On September Agudath Israel issued a statement in which it dismissed the Hechsher Tzedek of the Conservative Movement for two principle reasons:
• The Conservative Movement isn’t a “halacha respecting” movement and are attempting a redefinition of kashrut. In addition most of their members do not even keep kosher.
• Halachic tradition defines kashrut as relating to the ritual suitability of food and has nothing to do with ethics. Issues regarding the treatment of employees, safe standards, working conditions, etc. is relegated to “dina d’malchta dina”.
Neither of these reasons, however are weighty enough however to negate the potential power and strength of the Hechsher Tzedek.
The first argument isn’t worthy of responding to because it insults the integrity of the Conservative Movement, its leadership, rabbis, schools and devoted communities in America and Israel. Their rabbis and leadership are devoted to halachic standards. The fact that their interpretation may be different than an orthodox interpretation doesn’t mean that they don’t subscribe to halachic standards. Normative Judaism has always supported minority opinions with alternative interpretations. One just has to understand the Shulchan Aruch and the ongoing opinion differences between the mechaber and the Ramah, is but one example.
Agudath Israel claims that by introducing the Hechsher Tzedek there is an attempt at redefining what kosher is and what it means. Truth be told, halacha, even according to conservative standards has been organic and expanding as community needs change and grow. Halacha is nothing, if it doesn’t meet the challenges of those whom it claims to serve. Moreover by introducing the Hechsher Tzedek, a new definition of kosher isn’t being asserted, it is just identifying an area of weakness. This has been employed by the orthodox supervising agencies over the years. One example of this that comes to mind is the threat to remove a hechsher, if an institution does something deemed inappropriate or not in the spirit of normative orthodox behavior. For a hotel in Israel to publicly sponsor a New Years Eve party jeopardizes their kashrut certification. Based upon Agudath Israel’s declaration this ought to be considered inconsistent, since having a New Years’ eve party has nothing to do with the “ritual suitability” of the food.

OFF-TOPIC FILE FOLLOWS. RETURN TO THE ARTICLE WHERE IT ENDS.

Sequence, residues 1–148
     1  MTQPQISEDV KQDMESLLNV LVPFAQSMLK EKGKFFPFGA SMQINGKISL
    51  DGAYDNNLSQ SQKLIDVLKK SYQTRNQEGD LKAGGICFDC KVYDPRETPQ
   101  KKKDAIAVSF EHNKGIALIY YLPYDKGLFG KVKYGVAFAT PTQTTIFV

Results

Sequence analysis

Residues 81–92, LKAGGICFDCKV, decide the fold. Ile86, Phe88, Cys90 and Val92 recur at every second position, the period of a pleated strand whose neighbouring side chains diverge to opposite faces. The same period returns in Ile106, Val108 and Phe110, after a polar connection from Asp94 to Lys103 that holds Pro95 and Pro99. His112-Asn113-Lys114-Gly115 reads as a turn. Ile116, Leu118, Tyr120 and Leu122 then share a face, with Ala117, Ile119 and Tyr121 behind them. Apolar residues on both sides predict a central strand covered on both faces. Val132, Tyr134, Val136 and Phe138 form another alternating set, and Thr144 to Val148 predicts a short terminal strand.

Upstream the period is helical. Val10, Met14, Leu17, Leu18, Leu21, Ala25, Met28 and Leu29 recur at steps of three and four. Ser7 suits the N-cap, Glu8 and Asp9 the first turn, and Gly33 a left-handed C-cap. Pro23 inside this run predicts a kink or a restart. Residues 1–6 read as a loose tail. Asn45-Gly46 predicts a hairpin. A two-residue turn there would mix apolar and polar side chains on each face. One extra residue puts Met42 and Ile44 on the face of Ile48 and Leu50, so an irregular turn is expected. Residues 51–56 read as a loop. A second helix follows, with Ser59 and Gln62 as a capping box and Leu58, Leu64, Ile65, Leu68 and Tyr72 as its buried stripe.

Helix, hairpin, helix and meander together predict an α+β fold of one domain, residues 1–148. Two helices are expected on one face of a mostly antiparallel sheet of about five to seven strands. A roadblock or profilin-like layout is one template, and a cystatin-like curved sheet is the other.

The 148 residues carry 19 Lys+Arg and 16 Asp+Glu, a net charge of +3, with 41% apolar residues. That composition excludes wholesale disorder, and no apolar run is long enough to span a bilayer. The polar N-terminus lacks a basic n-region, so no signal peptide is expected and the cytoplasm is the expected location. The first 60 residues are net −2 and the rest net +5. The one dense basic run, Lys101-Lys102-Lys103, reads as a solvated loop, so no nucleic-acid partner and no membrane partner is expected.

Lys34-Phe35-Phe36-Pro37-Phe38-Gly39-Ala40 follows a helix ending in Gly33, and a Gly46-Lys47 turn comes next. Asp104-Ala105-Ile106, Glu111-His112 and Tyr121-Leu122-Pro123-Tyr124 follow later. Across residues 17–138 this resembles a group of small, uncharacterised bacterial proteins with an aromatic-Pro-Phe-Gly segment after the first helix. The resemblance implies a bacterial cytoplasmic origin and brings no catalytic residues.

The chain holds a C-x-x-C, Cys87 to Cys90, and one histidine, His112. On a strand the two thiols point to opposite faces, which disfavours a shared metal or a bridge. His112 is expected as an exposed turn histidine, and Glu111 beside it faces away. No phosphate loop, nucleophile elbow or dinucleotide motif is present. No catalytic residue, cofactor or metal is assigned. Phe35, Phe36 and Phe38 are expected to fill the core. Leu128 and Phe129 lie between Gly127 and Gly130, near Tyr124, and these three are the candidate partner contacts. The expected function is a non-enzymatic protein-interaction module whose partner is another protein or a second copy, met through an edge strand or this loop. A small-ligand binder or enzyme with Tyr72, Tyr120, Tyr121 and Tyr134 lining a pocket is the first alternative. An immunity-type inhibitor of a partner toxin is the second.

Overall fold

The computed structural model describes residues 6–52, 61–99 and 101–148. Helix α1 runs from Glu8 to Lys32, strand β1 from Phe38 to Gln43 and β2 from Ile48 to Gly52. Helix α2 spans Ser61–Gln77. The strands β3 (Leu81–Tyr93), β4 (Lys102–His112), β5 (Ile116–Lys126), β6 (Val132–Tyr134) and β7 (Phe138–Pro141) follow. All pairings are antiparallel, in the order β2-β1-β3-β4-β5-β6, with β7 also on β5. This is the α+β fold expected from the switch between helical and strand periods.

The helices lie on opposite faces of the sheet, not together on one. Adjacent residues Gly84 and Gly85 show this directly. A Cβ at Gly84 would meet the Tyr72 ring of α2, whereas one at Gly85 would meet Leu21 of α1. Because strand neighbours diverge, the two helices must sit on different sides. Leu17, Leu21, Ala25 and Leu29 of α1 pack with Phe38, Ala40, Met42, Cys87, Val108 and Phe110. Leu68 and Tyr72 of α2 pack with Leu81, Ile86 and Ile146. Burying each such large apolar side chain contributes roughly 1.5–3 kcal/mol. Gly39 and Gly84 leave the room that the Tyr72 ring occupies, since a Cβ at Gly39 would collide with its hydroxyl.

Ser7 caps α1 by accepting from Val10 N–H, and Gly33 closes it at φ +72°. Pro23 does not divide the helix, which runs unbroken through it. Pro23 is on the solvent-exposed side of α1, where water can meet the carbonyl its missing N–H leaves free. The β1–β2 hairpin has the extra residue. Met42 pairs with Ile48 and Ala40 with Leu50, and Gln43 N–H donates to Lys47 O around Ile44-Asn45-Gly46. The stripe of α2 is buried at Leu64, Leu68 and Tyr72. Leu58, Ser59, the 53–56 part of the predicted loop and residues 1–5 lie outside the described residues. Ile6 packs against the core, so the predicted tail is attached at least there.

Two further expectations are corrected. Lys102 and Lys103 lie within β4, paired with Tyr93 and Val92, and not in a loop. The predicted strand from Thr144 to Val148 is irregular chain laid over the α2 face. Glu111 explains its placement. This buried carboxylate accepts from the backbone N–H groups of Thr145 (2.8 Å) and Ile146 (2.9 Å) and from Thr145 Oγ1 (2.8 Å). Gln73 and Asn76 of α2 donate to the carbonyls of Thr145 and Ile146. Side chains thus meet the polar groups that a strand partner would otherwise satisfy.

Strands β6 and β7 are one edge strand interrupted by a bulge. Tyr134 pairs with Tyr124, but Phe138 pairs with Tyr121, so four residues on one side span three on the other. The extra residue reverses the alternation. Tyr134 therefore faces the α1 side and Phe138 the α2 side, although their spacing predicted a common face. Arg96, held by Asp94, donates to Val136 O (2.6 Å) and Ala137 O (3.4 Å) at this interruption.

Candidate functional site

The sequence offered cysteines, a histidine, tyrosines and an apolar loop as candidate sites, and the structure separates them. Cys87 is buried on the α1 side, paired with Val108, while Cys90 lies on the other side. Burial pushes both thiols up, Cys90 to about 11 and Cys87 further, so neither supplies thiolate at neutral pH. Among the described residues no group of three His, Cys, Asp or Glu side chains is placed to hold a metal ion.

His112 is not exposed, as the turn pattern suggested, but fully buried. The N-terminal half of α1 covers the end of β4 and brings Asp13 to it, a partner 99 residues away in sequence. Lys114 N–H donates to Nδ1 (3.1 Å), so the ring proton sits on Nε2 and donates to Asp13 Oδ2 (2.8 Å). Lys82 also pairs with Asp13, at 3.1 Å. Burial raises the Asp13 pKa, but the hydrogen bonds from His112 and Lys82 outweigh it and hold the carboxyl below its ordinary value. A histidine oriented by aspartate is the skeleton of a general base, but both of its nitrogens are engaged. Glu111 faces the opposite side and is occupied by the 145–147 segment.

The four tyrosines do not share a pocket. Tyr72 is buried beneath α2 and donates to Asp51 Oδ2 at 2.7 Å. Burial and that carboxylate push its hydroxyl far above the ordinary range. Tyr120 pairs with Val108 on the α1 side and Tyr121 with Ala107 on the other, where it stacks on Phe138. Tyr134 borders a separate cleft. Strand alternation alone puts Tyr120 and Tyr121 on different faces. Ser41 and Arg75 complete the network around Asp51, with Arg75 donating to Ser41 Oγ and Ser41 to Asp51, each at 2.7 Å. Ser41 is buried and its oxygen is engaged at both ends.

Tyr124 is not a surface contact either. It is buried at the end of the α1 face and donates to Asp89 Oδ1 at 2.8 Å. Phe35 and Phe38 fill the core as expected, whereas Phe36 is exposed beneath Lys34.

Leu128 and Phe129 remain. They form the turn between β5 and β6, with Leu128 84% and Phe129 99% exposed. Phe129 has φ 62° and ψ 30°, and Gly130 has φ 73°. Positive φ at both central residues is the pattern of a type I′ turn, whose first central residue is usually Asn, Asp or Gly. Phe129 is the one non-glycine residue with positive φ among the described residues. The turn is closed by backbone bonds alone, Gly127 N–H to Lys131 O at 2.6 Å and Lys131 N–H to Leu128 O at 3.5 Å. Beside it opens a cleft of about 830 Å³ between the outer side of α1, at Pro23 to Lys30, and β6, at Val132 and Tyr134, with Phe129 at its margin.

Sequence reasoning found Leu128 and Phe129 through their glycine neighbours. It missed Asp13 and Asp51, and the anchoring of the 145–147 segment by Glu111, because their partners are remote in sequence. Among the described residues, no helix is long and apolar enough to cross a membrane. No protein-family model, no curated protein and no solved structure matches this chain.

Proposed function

Rather than condition the continued hechsher on ethical standards they rely upon “dina d’malchta dina”, the law of the kingdom is the law, which is disingenuous. According to that logic there ought not to be unions because the law of the kingdom is the law. Obviously, the “law” doesn’t cover every contingency and thus the need for unions to protect employees. The conundrum is that Agriprocessors wouldn’t allow union organizing, so that the workers would have the protection where the law falls short. To make matters worse, Agriprocessors employed labor lawyers to fight the union organizers and thus depress further the plight of the workers. “Dina d’malchta dina’s” application works when the intent is genuine. However when a Jewish organization is intent on evading the principles supported by “dina d’malchta dina” then there is need for an oversight halachic agency such as Hechsher Tzedek.
For the sake of argument would halachic agencies allow for the exploitation of underage children if the law of the land allowed it? Would Agriprocessors outsource its slaughter houses to Asian countries where labor is cheap and absent of child labor laws by hiding behind “dina d’malchta dina”?